Apr 03

From the Back of the House to Center Stage: LIFERS

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Photo credit: Josephine Anes

Photo credit: Josephine Anes

Written by John Shea and Maureen Cornell
Directed by Brett Marks
Produced by Happy Medium Theatre and Argos Productions

March 20-April 4, 2015
Boston Playwright’s Theatre
Boston, MA
Happy Medium and Argos on Facebook

Review by Noelani Kamelamela

(Boston, MA) Happy Medium Theatre and Argos Productions have joined forces to bring to life a piece of Bostonian, working class history in Lifers.  At an enjoyable hour and a half even with a ten minute intermission, this well-edited and lively play is an ode to the people who make your meal at a local diner possible. Continue reading

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Apr 01

You Won’t Sit in Solemn Silence: THE MIKADO

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Photo: Steppenwolf Garage

Photo: Steppenwolf Garage

Presented by The Hypocrites
By Gilbert and Sullivan
Directed and Adapted by Sean Graney

March 31 – April 5, 2015
Club Oberon
2 Arrow Street, Cambridge MA
The Hypocrites on Facebook

Review by Danielle Rosvally

(Cambridge, MA) Hold onto your hats, the Hypocrites are back at the Oberon. The Mikado is alive, vivacious, and everything a modern audience could ask for from Gilbert and Sullivan unplugged. Continue reading

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Mar 31

Push It Real Good: LOOT

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Photo courtesy of Hub Theatre Co of Boston

Photo courtesy of Hub Theatre Co of Boston

Hub Theatre Company of Boston
By Joe Orton
Directed by Daniel Bourque
Dialect coaching by Meredith Stypinski
Fight choreography by Johnnie McQuarley

March 27-April 12, 2015
First Church Boston
66 Marlborough St
Boston, MA
Hub on Facebook

Review by Kitty Drexel

(Boston, MA) Playwright Joe Orton was an out gay man at a time when it was not only unfashionable but also highly illegal. Orton died in August 1967. Just one month shy of the passing of Britain’s Sexual Offences Act (amendment), which made acts such as kissing, hand holding, or plain old love between two men legal in the privacy of one’s home (it was still illegal to be homosexual in public. Baby stepping progress is still progress). Orton further pushed the hetero-normative envelope by incorporating his penchant for personal freedom in his writings. Orton’s flagrant disdain for authority and hypocritical social ethics are on proud display in Hub Theatre Co’s production of Loot. Orton’s script is not successful as art but it’s message rings profoundly clear: convention can go hang itself. Continue reading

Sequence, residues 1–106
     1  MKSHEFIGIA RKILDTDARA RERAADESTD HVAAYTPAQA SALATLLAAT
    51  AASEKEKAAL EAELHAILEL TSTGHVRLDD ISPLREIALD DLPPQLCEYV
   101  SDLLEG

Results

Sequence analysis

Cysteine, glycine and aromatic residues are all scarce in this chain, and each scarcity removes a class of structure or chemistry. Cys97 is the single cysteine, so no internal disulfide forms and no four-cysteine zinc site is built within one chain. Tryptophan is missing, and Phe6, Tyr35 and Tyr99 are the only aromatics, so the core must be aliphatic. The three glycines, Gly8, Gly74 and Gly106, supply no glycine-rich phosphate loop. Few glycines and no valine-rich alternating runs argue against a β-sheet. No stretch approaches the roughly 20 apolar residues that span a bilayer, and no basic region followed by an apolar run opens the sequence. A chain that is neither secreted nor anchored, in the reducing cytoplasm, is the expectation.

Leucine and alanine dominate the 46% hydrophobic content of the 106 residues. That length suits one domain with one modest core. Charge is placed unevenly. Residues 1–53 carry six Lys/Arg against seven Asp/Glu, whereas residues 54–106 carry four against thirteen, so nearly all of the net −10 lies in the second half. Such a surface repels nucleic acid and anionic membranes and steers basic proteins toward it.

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Mar 30

Two out of Three Ain’t Bad: “The Complete History of America (abridged)”

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Photo courtesy of Jon Niketh

Photo courtesy of Jon Niketh

Presented by Arts After Hours
Book by Adam Long, Reed Martin, and Austin Tichenor
Directed by James Tallach

March 27 – April 4
Rantoul Blackbox Theatre in LynnArts
25 Exchange Street, Lynn MA
Arts After Hours on Facebook

Review by Daniel Rosvally

(Lynn, MA) Listen, I know why the “Complete Works [abrgd]” series appeals to small theatres. With their cast of three can-be-anybody no-need-to-gender-or-type-bend parts; quirky, witty, wordy, and smart humor; fast-paced whirlwind nature; and high-demand for low-budge props and costumes, they’re pretty low-maintenance shows from a production standpoint. The Complete History of America (abridged) follows in the steps of its forefathers as steadfastly as drinking Sam Adams. The crew at Lynn After Hours has done a decent job in presenting something chuckle-worthy, but I will say that patrons who enjoyed a glass of wine before the show laughed much more frequently and with more vivaciousness than those of us who were stone sober. Continue reading

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Mar 26

Stronger Than Fear: FROM THE DEEP

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9067650_orig

PHOTO BY MARC J. FRANKLIN

Presented by Boston Public Works Theatre Company
by Cassie M. Seinuk
Directed by Lindsay Eagle

March 12 – 28, 2015
Boston Center for the Arts
Boston, MA
Boston Public Works on Facebook

Review by Kitty Drexel

(Boston, MA) From the Deep is not about the war on terror. It’s not even about terrorists. It’s about two men attempting to do the best they can with the nasty cards they are dealt. In the realm in which we see them, there is only suffering or not suffering. So, they try to turn the moments in which they are not suffering into moments that are happy. Happiness becomes relative. So do stability and health. This production from Boston Public Works Theatre Co, is about Man’s capacity to understand existence within a capacity for pain. Continue reading

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Mar 24

Major and Minor Details: BIG FISH

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Photo credit: Craig Bailey/Perspective Photo

Photo credit: Craig Bailey/Perspective Photo

Presented by SpeakEasy Stage Co.
Book by John August
Music & Lyrics by Andrew Lippa
Based on the Novel by Daniel Wallace and the Columbia Motion Picture Written by John August
Directed by Paul Daigneault
Assistant Director Alex Lonati
Musical Direction by Matthew Stern
Choreography by Larry Sousa